Best practices don’t always guarantee best outcomes. In such a case, it pays to have a backup plan. ZDNet’s David Gewirtz tells a personal tale of good intentions, great preparation, and total failure after volunteering to upgrade a popular plug-in for WordPress.
Rise and Fall
Gewirtz was coming off an 18-month bender writing academic papers when he stumbled across a GPL open-source WordPress plugin that needed a new developer. So he rolled up his sleeves, turned his weekend house chores over to contractors, and set about upgrading “Seamless Donations,” a cash flow mechanism for nonprofit sites.
The efforts that followed were enough to fill roughly 360 of his weekend and evening hours and drained about $1,000 in expenses out of his bank account. The result was a plugin that beta tested with no noticeable flaws, that converted a base of “monolithic” code to one that was modular and extensible (i.e. – compatible with WordPress), and that took into account a slurry of user requests. On top of it all Gewirtz, sensitive to the fact that he was handling a cash flow function for business, built two systems into the same plugin to prevent the upgrade from harming code on the host websites.
It was all for naught. Version 4.0 of Seamless Donations was nothing like a seamless transition. Instead, the plugin crashed hard due to a file naming error in the live environment. Basically, without the old PHP file (Gewirtz put it in the “old system” folder because he read it was best for the main plugin file to share a name with the main plugin folder) WordPress didn’t recognize the new system.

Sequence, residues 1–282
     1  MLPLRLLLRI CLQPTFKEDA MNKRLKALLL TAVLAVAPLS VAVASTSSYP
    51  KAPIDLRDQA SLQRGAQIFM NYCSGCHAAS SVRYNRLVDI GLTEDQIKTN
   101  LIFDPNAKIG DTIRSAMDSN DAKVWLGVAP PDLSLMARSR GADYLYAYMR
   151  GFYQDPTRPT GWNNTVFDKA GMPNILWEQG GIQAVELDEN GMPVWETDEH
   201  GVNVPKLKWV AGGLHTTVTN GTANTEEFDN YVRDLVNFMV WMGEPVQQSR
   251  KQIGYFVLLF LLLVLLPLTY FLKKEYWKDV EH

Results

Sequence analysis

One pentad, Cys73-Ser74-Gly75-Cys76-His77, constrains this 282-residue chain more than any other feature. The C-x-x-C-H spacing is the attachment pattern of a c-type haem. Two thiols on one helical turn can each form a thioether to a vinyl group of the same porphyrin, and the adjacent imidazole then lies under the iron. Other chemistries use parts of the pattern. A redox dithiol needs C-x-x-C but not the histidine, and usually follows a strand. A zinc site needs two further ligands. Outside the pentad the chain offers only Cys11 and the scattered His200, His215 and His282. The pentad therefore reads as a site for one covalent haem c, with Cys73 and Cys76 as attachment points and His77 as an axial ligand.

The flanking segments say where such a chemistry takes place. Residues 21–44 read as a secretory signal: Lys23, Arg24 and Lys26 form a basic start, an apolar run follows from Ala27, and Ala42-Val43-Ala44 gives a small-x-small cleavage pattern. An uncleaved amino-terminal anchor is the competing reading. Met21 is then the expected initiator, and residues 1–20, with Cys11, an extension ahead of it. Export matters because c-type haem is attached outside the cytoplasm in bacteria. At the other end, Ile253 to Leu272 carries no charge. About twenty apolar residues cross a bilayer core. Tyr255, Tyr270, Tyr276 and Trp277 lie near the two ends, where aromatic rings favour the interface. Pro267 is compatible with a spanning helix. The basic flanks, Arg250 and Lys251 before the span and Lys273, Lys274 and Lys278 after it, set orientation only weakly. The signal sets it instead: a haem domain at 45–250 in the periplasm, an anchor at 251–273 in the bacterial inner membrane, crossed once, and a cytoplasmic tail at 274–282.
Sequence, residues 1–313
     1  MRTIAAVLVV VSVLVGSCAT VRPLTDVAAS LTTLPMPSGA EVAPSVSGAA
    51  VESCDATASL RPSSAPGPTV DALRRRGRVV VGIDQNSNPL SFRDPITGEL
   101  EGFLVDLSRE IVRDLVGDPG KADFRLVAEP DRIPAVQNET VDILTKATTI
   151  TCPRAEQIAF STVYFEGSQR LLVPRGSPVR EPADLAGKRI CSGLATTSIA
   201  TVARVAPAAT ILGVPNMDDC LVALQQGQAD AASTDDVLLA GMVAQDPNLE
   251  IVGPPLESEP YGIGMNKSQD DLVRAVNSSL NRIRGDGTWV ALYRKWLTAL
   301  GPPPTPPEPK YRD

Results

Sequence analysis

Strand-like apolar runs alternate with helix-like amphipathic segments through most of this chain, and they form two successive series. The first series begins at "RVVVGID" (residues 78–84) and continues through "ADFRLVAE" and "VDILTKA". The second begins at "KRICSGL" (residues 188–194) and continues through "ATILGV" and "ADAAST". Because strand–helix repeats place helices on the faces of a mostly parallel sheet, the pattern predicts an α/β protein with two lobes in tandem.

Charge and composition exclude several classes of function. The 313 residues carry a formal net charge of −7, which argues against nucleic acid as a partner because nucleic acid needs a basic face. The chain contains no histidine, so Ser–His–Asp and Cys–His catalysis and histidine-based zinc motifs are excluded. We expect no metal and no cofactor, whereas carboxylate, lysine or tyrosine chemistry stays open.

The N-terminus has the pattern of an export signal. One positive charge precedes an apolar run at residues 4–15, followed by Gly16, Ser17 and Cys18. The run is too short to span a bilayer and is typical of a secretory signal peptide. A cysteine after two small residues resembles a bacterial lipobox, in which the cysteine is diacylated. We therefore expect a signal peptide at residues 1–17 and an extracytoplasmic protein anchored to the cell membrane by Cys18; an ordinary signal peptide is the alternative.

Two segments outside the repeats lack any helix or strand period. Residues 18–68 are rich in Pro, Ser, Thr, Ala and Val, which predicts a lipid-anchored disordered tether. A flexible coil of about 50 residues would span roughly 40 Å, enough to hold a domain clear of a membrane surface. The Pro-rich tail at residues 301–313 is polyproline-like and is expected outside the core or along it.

Here’s What He Learned
The lesson, in this case, is that no amount of preparation and due diligence can prepare you for certain failures. The good news is that you can always resurrect your efforts. For instance, Gewirtz immediately contacted WordPress support and then, upon their advice, went about apologizing voraciously to the thousands of nonprofits affected by the plug-in error. He posted a “how to upgrade” page explaining how the plugin-could be installed without error. In the end, the release really was a success, but a hard-earned one.
Read the original article at: http://www.zdnet.com/article/my-open-source-wordpress-plug-in-lessons-learned-from-a-release-gone-wrong/